Ah, I like Thursdays. Tuesday is good, because that's when the Onion A.V. Club and Ben Tausig puzzles come out and offer a safe haven from easy puzzles. Wednesday feels rather like another Monday. And Thursday is when the thinking cap comes off the hat rack. (I don't really have a hat rack, but if I did, I would definitely hang my thinking cap there.)
First up, Liz Gorski's New York Times crossword, a classic rebus puzzle. Only not so classic, because the rebus squares are plunked in the corners of the grid, and the explanatory entry isn't in the middle or at the very bottom. But then again, classic, because it's classic Gorski. In 2000 (10/28), she had a Saturday NYT [CORNER] rebus puzzle with AMEN [CORNER] being one entry. And today, she's got an [AMEN] rebus puzzle with [AMEN] CORNERS. Even though it's Thursday and I should have been rebusically suspicious, I wasn't, and all four corners were the last to fall. I even figured that TUTANKHA crossing MILITIA made perfect sense. Eventually, the [AMEN] corners asserted themselves. The rebus pairs are [AMEN] TO THAT/[AMEN] CORNERS, CAMER[AMEN]/[AMEN]DS, TUTANKH[AMEN]/MILITI[AMEN], and ST[AMEN]/[AMEN]ITIES. 55-Across, a PRAYER, ends with the [AMEN] found four times in the puzzle, wrapping the theme up with a bow.
Clues and entries I relished the most: [Put up] for HOUSED; OUT THERE; [Loads] meaning ONUSES and not "a lot"; [Follower of Max or Paul?] for INE; [Quick change artist?] for a bank TELLER; [Thumb locale: Abbr.] for MICH (non-U.P. Michigan looks like a mitten); ["Be brave!"] for Dan Rather's nightly COURAGE; the MUUMUU and TENT, both clued as [Roomy dress], but with only the former evoking a favorite Simpsons episode; MIMETIC, meaning [Imitative]; and two [Trattoria order]s, SCAMPI washed down with CAMPARI. I'm always vexed by a clue like ["Midnight Cowboy" role]—R***O, yes, but is it RATSO or are we being treated to the double Z of RIZZO? Always seems to be RATSO, but always I am hopeful and leave the three middle letters blank, looking for Zs in the crossers, and always I am disappointed. (Memo to constructors: Spot us a RIZZO, will ya?)
The Themeless Thursday puzzle in the New York Sun comes from the computer-assisted atelier of Frank Longo. (If you're interested in reading about the rationales for hand crafting vs. computer-aided constructing, read Matt Gaffney's book, Gridlock.) Frank's got a crazy-ass database of potential fill that apparently includes XOLOITZCUINTLI, the [Mexican hairless dog]. Wow. Never saw that word before, and I can't be sure that spelling will stick with me. Besides that mystery answer, there were plenty of tough clues, leading to a tough-Friday-"Weekend Warrior" experience rather than the loping amble I was expecting on a Thursday.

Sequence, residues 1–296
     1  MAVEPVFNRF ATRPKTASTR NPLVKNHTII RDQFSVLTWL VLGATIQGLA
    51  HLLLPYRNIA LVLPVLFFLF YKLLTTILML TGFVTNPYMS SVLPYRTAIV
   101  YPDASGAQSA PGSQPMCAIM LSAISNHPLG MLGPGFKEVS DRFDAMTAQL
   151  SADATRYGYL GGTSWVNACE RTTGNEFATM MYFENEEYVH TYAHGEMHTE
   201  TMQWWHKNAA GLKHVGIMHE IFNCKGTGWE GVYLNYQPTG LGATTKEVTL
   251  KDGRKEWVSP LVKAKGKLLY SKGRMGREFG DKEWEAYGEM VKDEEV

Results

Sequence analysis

To wit: one [Source of fatty acids] is FISH OIL. [The A of BASE jumping] is ANTENNA (the others are building, span, and earth—all high-up things one can leap off with a parachute). [Four-wheeled carriages with hooded rear seats] are BERLINS; never heard of 'em. [Some franc spenders] are GABONESE, bien sur. [It can be sucked out] means SAP. [Put away in a hurry] is INHALED, as in a plate of cheese fries. [Canine component] is the CUSP of a tooth; PULP almost fit. [They fell after being circled 13 times] refers to the WALLS OF JERICHO, about which I know almost nil. [Having just been razed], a building's IN A PILE. [Like some sciences] means INEXACT; I like this one a lot. An INNIE is [Part of many a tummy]. The LAST SUPPER is the [Passion preceder], and that really stumped me. GAS is [Lemon juice?] in that a lemon's a lousy car. [Trees of the bignonia family] meant nothing to me, but I know that CATALPAS have broad, heart-shaped, pale green foliage and long seedpods. [Concord, e.g.] is a RED WINE; viz. Manischewitz. [Search engine returns] are WEB HITS while [Amazon, eBay, or Yahoo!] is a SUPERSITE. I think I've seen [Los Angeles Sparks general manager Penny] TOLER's name in a crossword one other time (move over, Sidney Toler). RINNA is the last name of the [Lisa who cohosted "Soap Talk" with Ty Treadway], and he has lovely eyes in person (he hosts the crossword game show).
I really enjoyed Don Gagliardo's LA Times crossword. The theme is terrific—a four-rung word ladder that achieves the ALCHEMIST'S DREAM of turning lead into gold. The LEAD BALLOON leads to LOAD THE BASES, then to GOAD TO ACTION, then to GOLDBRICKER. The puzzle's further enhanced by the fill, which includes plenty of answers we don't often see: SEMIPRO, DADAISM, PYREX, DOLLOP (which is also the name of a cozy indie coffeeshop around the corner from me—alas, my husband would like to patronize them, but he likes the coffee from behemoth Starbucks better), ENCROACHED, and SHELTIE. I don't recall seeing OREO clued lately as [Snack with multiple eating options], and I like the nonspecificity of the clue that led me to think of chips rather than cookies.
Randolph Ross's CrosSynergy puzzle, "X Marks the Spot," uses X in lieu of SPOT in the theme entries. Unlike a rebus puzzle, though, X is just the letter X in the crossing Down answers. Gotta like a theme that delivers five Xs, eh? At 1-Across, LST is clued as [WWII boat featured in "Saving Private Ryan"]. There was a small foofaraw a week or two ago when a similar clue was used for LST in an NYT puzzle. Apparently the craft that disgorged all the soldiers onto the beaches were not LSTs at all, as LSTs are huge things that disgorge tanks from the front and personnel from stairs on the side. If LSTs show up in the movie, they may be in the background and not the "featured" craft we all associate with the long Omaha Beach sequence.
November 28, 2007